The company has growth opportunities in niche areas. For example, it has built a network of 25 gyms in the UK that together have 120,000 members between them. JD plans to open a further four gym sites before the end of the 2020 financial year. This could provide cross-selling opportunities for its products, as well as diversify the business away from high-street retailing. It may also help it to capitalise on an ongoing shift among younger consumers towards leading healthier lifestyles, with gym membership likely to become akin to a necessity for many people in the long run.

JD is seeking to expand its presence in premium-brand fashion. For example, it has made numerous small and selective acquisitions to enhance its profile in higher price-point market segments. This could broaden its customer demographic and improve its margins. It is also aiming to acquire Footasylum, which has 69 stores in the UK and a product range which appeals to older consumers. The purchase is currently subject to an ongoing Competition and Markets Authority investigation, but if it goes ahead then it could act as a means of broadening its appeal to a wider range of consumers.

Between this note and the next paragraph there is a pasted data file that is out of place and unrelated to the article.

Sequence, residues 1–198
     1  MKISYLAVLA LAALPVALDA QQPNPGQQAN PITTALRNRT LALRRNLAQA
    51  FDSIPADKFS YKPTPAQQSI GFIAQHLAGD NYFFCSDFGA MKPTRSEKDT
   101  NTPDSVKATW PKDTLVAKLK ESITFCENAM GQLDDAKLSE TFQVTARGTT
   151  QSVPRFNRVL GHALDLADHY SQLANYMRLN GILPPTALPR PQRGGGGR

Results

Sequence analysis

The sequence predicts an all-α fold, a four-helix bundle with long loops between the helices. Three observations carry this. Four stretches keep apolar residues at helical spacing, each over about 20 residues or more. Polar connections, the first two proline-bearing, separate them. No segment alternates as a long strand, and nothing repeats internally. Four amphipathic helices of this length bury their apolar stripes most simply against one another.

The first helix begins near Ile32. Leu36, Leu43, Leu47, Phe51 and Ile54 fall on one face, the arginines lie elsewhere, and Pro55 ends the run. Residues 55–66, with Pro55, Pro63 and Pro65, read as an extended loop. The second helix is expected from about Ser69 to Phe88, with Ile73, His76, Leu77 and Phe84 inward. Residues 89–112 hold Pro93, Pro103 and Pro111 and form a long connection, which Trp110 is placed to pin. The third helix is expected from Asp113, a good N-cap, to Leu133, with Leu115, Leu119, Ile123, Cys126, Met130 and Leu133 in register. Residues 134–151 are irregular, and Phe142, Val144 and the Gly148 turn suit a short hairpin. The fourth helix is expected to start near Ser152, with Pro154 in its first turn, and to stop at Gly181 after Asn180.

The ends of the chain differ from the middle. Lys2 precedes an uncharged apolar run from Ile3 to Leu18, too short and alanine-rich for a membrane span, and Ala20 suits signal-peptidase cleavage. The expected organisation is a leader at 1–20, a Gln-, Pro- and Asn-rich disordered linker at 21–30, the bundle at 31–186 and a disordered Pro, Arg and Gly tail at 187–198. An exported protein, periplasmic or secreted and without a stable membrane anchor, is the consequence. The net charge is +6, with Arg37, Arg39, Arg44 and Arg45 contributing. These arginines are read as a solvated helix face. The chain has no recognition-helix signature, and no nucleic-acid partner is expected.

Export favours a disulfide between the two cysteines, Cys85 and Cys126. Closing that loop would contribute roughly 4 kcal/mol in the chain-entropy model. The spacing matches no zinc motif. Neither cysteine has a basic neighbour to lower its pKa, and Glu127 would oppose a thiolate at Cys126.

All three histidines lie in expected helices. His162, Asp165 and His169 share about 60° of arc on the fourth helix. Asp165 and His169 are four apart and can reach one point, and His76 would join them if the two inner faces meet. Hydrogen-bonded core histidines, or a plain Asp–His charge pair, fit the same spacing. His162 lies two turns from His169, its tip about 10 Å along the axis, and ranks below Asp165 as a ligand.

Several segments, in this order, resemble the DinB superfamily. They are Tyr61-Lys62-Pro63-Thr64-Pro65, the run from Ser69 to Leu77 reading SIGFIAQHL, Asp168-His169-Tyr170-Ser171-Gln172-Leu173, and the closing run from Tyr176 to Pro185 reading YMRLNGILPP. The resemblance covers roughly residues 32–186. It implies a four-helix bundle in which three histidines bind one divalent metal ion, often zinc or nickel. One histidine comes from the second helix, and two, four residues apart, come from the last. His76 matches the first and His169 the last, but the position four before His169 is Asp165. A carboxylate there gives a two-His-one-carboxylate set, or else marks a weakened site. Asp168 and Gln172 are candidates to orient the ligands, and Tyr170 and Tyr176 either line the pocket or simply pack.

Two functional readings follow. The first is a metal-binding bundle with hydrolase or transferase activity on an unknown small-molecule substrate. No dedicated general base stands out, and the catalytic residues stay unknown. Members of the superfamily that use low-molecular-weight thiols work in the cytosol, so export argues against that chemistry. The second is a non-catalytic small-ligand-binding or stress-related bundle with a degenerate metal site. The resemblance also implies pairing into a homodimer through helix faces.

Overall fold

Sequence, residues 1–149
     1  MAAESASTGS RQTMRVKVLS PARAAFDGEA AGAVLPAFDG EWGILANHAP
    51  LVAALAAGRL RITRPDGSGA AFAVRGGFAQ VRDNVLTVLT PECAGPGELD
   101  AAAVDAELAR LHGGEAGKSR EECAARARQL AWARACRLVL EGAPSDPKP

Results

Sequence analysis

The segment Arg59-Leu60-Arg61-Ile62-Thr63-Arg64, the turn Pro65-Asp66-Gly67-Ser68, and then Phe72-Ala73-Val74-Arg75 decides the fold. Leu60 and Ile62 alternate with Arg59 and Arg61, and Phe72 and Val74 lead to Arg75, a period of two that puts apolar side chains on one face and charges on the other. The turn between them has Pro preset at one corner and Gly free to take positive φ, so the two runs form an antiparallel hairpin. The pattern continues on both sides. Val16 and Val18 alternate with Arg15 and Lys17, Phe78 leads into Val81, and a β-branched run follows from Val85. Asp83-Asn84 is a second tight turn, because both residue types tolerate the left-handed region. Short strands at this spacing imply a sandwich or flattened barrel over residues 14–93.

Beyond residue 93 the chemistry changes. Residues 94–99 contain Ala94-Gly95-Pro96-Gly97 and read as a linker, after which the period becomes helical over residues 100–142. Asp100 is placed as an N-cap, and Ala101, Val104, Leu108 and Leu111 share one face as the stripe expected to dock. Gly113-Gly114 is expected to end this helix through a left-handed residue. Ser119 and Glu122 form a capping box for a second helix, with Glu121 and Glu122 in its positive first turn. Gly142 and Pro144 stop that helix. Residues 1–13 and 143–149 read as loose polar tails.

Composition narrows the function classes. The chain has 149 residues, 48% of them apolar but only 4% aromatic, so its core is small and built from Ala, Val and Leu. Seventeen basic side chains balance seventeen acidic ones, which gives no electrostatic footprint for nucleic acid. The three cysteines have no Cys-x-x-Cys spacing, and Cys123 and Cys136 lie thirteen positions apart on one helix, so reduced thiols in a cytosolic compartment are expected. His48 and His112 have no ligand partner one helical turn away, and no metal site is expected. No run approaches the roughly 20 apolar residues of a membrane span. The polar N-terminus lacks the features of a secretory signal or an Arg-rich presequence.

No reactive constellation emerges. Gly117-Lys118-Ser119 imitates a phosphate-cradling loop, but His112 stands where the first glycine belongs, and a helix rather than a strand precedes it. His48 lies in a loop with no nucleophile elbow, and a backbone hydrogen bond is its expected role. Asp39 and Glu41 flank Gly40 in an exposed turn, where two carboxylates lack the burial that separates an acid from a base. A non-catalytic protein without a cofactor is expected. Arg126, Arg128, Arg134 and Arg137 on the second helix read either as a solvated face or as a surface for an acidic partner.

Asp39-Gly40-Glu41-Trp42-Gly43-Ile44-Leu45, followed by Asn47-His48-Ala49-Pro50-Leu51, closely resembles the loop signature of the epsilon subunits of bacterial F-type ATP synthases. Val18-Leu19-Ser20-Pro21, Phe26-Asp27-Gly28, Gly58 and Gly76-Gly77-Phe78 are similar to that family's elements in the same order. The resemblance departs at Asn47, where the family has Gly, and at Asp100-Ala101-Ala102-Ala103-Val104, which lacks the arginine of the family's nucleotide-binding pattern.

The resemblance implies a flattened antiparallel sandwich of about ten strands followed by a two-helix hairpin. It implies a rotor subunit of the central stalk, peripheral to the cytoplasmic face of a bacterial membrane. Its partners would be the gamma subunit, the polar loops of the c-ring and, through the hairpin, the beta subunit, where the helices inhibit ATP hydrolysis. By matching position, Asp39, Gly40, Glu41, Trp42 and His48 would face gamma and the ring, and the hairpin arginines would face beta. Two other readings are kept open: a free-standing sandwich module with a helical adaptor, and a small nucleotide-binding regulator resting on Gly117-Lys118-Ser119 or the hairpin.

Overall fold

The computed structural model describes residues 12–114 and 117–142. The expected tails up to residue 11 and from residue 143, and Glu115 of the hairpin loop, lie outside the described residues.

The retailer has invested in improving the efficiency of its supply chain in the last few years. For instance, it has invested in the installation of additional automation equipment at its primary warehouse in the UK. This could help to lower its costs and increase margins. It has also established a new operational section at its primary warehouse that will provide a bespoke packing and fulfilment service for its premium fashion businesses. This could elevate the shopping experience for its premium customers and help to further differentiate its offering from sector peers.

Potential threats